1. yes, must have taken quite a strong proctologist to free that from his clenched ….

      but at least it speaks to San Francisco …

      she was a woman
      who fell from the sky
      in robes of fog
      and became
      a city

  2. I just wanna know if the “hole” has been eliminated from phase 4 as from the other phases in the name of “value engineering”.

    [Editor’s Note: In that case, take the rest of the weekend off and be sure to plug in on Monday morning.]

    1. Booo! Why must we wait until Monday!? Sounds like you know the answer to the question we have been wondering since the original plans were announced. ; )
      Equally important, when will Phase 4 construction start? My fear is that we could be waiting 5-10 years.

  3. Anyone thinking a field in the middle of a busy set of facades as these needs art on top of all the busy-mess doesn’t understand cities. Sheesh can’t San Francisco ever breathe on its own? Don’t make every single space with interesting potential be a cloying cutesy Disneyland.

    1. Um, some of us like Disneyland. I find that most people that criticize it have never been there. It certainly doesn’t have the garbage, crime, and other problems that plague so many cities. Perhaps we could learn from it.

      1. And don’t forget, Disneyland is all about showcasing different transit options, especially back when Walt was alive. Car haters would be interested to note that the first monorail in the U.S. was built by the imagineers, as well as the “people mover” and other unique creations. When I was a child, they used to have an enormous scale model on display of Walt’s proposed “Epcot City” that was completely car free. After he died, the Epcot plans turned into another theme park, but his goal was a complete environment with shared transit options.

        1. Tomorrowland! Disneyland is fun! A one day pass now is $100. Back when I was a child, my mom got those rip out per ride tickets for $7. We stopped going after the cost hit $15.

  4. Sangiacomo has “value engineered” this complex into the boring mundane mess it is today. Don’t expect him to do any better. He is one of the greediest and low rent developers in the city’s history. It was his Trinity Properties policies back in the 70’s that caused rent control to be enacted. You would think that with all the fortune the city has allowed him that he would want to leave a legacy project, but no, guess he is satisefied with that funny little building at 1145 Market with the Disney like “Greco-Roman” whatever statues in the lobby. Sad we have developers like him.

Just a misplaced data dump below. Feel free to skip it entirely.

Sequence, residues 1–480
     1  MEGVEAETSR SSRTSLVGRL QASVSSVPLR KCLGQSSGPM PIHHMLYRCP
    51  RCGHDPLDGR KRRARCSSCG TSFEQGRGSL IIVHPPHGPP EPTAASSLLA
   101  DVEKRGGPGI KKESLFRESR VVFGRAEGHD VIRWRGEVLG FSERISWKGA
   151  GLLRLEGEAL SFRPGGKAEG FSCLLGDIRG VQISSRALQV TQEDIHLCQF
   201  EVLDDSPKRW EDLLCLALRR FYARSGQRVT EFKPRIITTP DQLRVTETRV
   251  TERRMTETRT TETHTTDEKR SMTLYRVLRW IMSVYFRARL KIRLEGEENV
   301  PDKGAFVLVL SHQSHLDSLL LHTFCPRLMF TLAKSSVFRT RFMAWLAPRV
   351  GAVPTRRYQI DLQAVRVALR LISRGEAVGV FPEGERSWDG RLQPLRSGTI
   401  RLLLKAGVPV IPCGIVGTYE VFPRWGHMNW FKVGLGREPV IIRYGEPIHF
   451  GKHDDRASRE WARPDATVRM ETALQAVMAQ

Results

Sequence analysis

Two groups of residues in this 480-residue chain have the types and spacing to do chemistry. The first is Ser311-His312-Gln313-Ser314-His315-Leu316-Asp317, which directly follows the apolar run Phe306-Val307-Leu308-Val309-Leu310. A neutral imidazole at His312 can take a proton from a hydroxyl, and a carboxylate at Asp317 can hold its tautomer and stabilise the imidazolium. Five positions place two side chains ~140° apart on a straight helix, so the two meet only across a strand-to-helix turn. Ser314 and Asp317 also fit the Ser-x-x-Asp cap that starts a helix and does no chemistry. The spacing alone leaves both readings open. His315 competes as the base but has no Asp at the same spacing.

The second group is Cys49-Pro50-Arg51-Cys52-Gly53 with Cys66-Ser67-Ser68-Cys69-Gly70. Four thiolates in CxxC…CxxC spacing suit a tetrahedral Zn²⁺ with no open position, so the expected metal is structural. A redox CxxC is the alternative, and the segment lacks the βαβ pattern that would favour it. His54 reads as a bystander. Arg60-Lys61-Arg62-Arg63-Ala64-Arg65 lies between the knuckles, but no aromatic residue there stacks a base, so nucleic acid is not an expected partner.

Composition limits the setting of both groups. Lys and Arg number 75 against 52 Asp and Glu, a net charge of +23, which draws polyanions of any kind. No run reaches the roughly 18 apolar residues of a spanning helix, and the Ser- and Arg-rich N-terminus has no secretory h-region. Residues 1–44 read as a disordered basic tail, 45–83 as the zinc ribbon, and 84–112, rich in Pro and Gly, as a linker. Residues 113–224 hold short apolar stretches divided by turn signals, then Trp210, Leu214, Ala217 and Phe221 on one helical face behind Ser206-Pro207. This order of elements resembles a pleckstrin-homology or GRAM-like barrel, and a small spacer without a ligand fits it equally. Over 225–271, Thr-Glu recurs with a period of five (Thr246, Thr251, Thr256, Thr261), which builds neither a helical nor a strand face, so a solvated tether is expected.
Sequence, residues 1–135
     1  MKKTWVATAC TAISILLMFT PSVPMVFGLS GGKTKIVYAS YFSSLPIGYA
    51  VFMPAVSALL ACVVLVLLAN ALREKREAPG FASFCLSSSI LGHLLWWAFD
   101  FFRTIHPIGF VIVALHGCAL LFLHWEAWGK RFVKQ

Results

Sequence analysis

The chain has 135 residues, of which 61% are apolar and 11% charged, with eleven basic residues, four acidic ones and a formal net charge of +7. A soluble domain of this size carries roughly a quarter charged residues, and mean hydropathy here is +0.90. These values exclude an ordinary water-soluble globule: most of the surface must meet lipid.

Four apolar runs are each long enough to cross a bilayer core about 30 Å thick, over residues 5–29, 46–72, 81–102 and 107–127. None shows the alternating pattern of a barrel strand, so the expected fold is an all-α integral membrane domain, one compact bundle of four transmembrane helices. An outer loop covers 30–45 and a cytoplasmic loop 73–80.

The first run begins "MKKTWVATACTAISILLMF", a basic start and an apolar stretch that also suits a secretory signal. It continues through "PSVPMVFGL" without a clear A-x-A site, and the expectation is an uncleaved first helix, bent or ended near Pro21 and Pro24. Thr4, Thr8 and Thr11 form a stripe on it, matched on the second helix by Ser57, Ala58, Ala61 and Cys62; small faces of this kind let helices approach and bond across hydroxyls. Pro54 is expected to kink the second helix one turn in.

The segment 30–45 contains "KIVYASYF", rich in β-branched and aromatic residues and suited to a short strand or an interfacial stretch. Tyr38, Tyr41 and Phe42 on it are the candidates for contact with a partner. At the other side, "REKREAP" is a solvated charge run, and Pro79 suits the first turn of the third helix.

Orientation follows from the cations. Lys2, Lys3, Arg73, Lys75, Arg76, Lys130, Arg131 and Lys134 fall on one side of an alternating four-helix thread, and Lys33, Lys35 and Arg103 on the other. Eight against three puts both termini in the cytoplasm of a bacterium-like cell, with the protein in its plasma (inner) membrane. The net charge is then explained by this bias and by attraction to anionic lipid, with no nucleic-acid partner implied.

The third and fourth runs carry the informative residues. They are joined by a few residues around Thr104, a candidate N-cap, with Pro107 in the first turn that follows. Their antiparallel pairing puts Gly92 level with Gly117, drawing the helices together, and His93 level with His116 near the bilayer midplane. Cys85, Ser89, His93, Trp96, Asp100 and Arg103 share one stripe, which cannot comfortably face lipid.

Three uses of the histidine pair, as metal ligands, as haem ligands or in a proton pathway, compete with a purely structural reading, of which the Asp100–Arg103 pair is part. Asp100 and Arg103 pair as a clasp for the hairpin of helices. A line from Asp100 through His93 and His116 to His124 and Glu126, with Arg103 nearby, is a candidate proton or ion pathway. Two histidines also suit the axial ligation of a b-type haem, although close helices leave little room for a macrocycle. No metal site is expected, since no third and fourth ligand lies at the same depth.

1. Indeed, by the time this gets to installation, I wouldn’t be surprised to find this alluring, swirling body replaced with one of those tall, blower-animated, stick-figures one finds outside used-car lots. I mean, it’s essentially the same thing…

      1. I’ll go get one of those stick figures (maybe in the shape of a giant Hello Kitty doll) to put in your front yard.

        Or developer could replace it with a giant cotton candy Venus so the children could eat her as both value engineering and an act of defiance against the City’s attempts to regulate sugar consumption. Two birds. One stone.

  5. I sure hope they’re not serious about directed pedestrian traffic across the grass (whether real or astroturf).

  6. I love it.

    If executed right… this could very well be our “Cloud Gate”— not just because of the chrome thing, but via its scale, and presentation. I also like the fact that it’s just off the beaten path.

  7. “I wonder what the material of the figure is.”

    Polished stainless steel, formed and welded with seamless welds. Over 90 feet tall!

  8. I’m thinking the sculpture’s reflections could be blinding if it ever receives a whiff of direct sunlight. And I’d hate to be a heavy drinker/resident renter……stumbling home late, exhausted, passing that thing…..it could be a very ominous experience. I bet anything someone will end up talking to it. Maybe Trinity could investigate several sculpting options before the “flame’s” groundbreaking.

  9. Not sure about Venus — it has snake/fish head. I think it’s a satanic idol. I’m going to bow and pray when it’s up.

  10. Enough retail space! Brick and mortar is dead. Why not just make it all apartments to help with the housing situation?

  11. “It’s a twister, Auntie Em.”

    This park in no way compensates for the terrible architecture execution that turned a promising development into a bland and ugly complex. It’s as much of a fraud as the Wizard of Oz.

  12. Awe! That’s as proposed. Considering the way this project has changed, we can expect a birdbath as the focal point with some motel chairs scattered around. Though I bet the homeless will love it.

  13. I like the open-to-Market-street courtyard portal, whilst a tad low. Sangiacomo would only loose about 3 units if the height were doubled, presuming the interior hallway paths could be adjusted. Of course the homeless will walk right on in and have a look around. I hope one of the screamers doesn’t take a shine to the square: it looks like an echo chamber.

  14. so many cynics in the world. too bad. the BEAUTIFUL shiny silver statue is going up and as a resident, I am excited.